The Only 4 Resistance Band Exercises You Need for Strong, Injury-Proof Ankles

Ankle injuries are common, but strengthening this lower-body joint can help prevent them — or lessen their severity when they do happen.
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One of the most common injuries caused by physical activity — both during workouts and daily movement — is ankle sprains, with an estimated 25,000 of these injuries happening to unlucky Americans every day, according to the American Academy of Orthopaedic Surgeons (AAOS).


Of course, anyone can sprain their ankle whether they're participating in sports or not, but if you play sports like basketball, volleyball and soccer, you're more likely to experience this injury. And while resistance band exercises are often used to rehabilitate ankle injuries, they can also help prevent them in the first place.

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"Strong ankles are particularly important because they set the stage for the rest of the leg," says Leada Malek, DPT, CSCS, a physical therapist and board-certified sports specialist. Moreover, stable ankles allow for a stable knee and hip, and vice versa.

"With a weak ankle, the joint and soft tissue structures are susceptible to overload or instability, which can lead to injuries that commonly occur with weak ankles including tendinitis, plantar fasciitis and ankle sprains," Malek says.


To help strengthen your ankle after a sprain, the American Orthopedic Foot & Ankle Society (AOFAS) recommends performing plantarflexion, dorsifelxion, inversion and eversion exercises as soon as you can bear weight comfortably on the affected ankle, and your range of motion is almost back to pre-injury ability.

Strengthening Your Ankles With Resistance Bands

Several muscles work together to stabilize the ankle, including the peroneus longus, peroneus brevis and tibialis posterior. Using a resistance band to target these muscles is common in ankle rehab programs or as part of a preventative strengthening routine.


"Resistance bands help when trying to isolate the ankle stabilizers because they allow you to place resistance in an open-chained position, or when your foot is not placed against the ground," Malek says.

Doing this strengthens these muscles in isolation, she says, improving neuromuscular control and perfecting your ability to control movement in each direction.



Thinner resistance bands offer the least resistance — and are therefore easier to use — while thicker resistance bands offer the most resistance. Resistance bands come in different colors to signify their resistance levels.

Do:‌ these 4-way resistance band ankle exercises for 10 reps on each side.

1. Plantarflexion

Type Strength
  1. Sit in a chair and place a resistance band around your forefoot while holding the ends in your hand.
  2. Push your ankle down, pointing your toes as far as you can, then return to the starting position.
  3. Switch sides and repeat.

2. Dorsiflexion

Type Strength
  1. Secure your resistance around a sturdy anchor point (like your left foot) and wrap the middle around your right forefoot.
  2. Begin with your foot pointing downward, then pull your ankle up as far as you can, straightening your foot so that your toes are pointing toward the ceiling.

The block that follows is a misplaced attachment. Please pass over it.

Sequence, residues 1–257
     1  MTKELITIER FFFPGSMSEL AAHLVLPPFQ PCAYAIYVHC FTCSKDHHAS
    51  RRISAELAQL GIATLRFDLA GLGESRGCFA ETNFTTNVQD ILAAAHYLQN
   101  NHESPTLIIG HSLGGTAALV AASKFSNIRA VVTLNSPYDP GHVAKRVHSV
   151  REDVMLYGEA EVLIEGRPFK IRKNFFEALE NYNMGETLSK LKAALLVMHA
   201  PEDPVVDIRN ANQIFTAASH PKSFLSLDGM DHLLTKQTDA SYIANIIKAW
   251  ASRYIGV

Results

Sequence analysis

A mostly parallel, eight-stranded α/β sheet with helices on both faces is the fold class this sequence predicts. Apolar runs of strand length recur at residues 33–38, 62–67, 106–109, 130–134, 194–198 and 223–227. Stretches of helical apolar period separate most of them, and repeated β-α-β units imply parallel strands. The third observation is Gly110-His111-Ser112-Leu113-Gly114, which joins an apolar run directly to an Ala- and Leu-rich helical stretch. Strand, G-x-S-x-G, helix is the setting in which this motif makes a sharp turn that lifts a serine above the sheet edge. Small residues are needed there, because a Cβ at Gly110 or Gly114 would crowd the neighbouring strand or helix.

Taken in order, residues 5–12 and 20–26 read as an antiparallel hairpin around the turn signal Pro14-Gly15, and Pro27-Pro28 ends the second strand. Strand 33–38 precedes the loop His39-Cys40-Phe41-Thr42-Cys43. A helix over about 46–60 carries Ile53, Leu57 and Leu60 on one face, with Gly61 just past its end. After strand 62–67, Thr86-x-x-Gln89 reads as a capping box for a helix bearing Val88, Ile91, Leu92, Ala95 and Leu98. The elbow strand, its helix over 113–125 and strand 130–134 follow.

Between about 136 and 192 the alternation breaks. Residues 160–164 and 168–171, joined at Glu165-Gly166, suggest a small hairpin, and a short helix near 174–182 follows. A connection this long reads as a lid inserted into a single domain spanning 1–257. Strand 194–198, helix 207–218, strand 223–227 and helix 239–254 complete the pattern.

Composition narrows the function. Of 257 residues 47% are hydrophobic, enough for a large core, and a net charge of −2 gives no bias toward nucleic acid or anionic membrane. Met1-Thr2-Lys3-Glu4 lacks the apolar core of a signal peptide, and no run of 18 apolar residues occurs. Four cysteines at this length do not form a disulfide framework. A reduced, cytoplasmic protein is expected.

3. Release.
  4. Switch sides and repeat.

3. Inversion

Type Strength
  1. With the band secured, wrap the band around the inside of your ankle, around the foot.
  2. Begin in a relaxed stance and proceeded to move your ankle down and inward toward the center of your body.
  3. Then return to the relaxed position.
  4. Switch sides and repeat.

4. Eversion

Type Strength
  1. With the band still secured to its anchor point, wrap the band around the outside of your ankle and hold your foot in a relaxed position.
  2. Move your foot up and out, away from the midline of your body.
  3. Return it to the resting position.
  4. Switch sides and repeat.

Why Strengthening Is Essential for Sprains

Sprains are any injury to the ligaments, which are the fibers that connect bones providing strength to your skeleton, and also supporting mobility in the joints. The outer ligaments of the ankle are the typical culprit for a sprain. Luckily, our bodies happen to be quite proficient at healing ligament injuries.


Swelling will occur relatively soon after the injury as your body sends blood to the area to try and heal it. The swelling may occur for quite some time since your foot is a farther distance away from your heart. You can apply the RICE procedure, which includes rest, ice, compression and elevation, to help reduce pain and swelling while improving healing time.


However, it's vital to start returning to your normal exercise and daily activities as soon as possible since this will further aid in the recovery process and speed healing, according to the AAOS.


A May 2016 study published in the ‌Journal of Physical Therapy Science‌ performed a 12-week rehabilitation exercise program on 26 soccer players with the aim of improving muscle strength in the ankle to reduce the risks of subsequent injuries in those who have had an ankle sprain.

According to the study, over 70 percent of patients who've experienced ankle sprains report additional symptoms, including re-injury or abnormal functioning. The study determined that muscle strengthening exercises are essential for rehabilitating the ankle. The research shows that ankle muscle strength improvements can prevent injury and provide functional stability to the ankle.

Additional reporting from Sara Lindberg.




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